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Renovated House Honors '60s Bones, Family History

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Canadian studio Architecture Open Form teamed up with interior designers at fellow Québec firm FX Studio par Clairoux on the renovation of this low-slung 1960s home in the province. Named the "Du Tour Residence," the house had been in the same family for decades, Contemporist reports, before the clients reached out to Architecture Open Form to come up with a scheme for a renovation that preserved the house's historic charms while updating it for 21st-century life.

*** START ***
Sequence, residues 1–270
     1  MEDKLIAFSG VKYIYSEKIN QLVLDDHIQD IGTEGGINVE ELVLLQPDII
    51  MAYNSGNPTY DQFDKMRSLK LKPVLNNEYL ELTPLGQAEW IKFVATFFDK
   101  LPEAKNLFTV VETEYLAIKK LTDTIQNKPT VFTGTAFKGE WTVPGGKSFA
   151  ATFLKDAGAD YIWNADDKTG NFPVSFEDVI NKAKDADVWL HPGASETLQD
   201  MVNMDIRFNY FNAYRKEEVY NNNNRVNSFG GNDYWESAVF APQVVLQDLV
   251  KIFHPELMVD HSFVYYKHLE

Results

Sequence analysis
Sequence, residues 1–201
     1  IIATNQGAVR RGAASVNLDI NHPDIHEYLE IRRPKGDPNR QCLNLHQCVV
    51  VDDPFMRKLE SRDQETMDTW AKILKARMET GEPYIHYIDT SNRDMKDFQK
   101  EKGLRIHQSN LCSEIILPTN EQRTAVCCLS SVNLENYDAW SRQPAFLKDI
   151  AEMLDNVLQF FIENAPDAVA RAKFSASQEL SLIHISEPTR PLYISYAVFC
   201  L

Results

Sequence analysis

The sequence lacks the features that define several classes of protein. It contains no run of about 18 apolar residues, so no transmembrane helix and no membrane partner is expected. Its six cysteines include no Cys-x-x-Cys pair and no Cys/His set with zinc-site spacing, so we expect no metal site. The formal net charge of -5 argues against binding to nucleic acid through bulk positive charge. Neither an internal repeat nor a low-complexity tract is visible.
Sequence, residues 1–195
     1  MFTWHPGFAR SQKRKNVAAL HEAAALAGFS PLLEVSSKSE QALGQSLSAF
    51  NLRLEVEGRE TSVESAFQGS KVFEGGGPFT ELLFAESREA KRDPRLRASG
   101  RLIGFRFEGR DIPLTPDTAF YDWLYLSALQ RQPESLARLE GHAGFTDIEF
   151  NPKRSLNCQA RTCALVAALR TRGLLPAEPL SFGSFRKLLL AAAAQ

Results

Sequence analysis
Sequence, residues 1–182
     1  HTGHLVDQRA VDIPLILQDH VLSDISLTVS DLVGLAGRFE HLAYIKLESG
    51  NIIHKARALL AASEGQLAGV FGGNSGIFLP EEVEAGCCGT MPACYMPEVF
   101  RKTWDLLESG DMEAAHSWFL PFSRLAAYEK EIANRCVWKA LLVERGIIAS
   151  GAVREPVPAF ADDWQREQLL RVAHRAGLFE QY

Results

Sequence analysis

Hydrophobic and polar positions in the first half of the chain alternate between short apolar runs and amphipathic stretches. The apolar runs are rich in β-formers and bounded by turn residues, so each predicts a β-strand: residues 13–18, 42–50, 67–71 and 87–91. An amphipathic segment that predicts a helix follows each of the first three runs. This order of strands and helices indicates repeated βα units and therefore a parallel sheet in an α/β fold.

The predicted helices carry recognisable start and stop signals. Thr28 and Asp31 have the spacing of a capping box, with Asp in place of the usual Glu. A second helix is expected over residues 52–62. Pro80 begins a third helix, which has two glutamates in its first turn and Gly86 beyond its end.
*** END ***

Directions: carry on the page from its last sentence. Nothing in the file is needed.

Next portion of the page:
To that end, the firm opened up the interiors, carving out open-plan common areas, like in the whitewashed living room, and a second-level dining room and secondary sitting area. They preserved some of the midcentury stylistic touches found throughout the house, too: Exposed-masonry walls in several rooms remain in tact, as does the residence's overall profile, which is elegantly gabled.

The architects did, though, make some changes to the facade, including creating new openings for the kinds of broad glass windows we've all come to expect from modern houses. This means lighter, brighter interiors, and a house that—unlike some midcentury originals—doesn't seem to shy away from the spotlight.


A 1960s House Is Given A Contemporary Update Without Losing Its Soul [Contemporist]
Before and After: Revamped 1800s Home Gets Goth Look [Curbed]
All Renovation coverage [Curbed]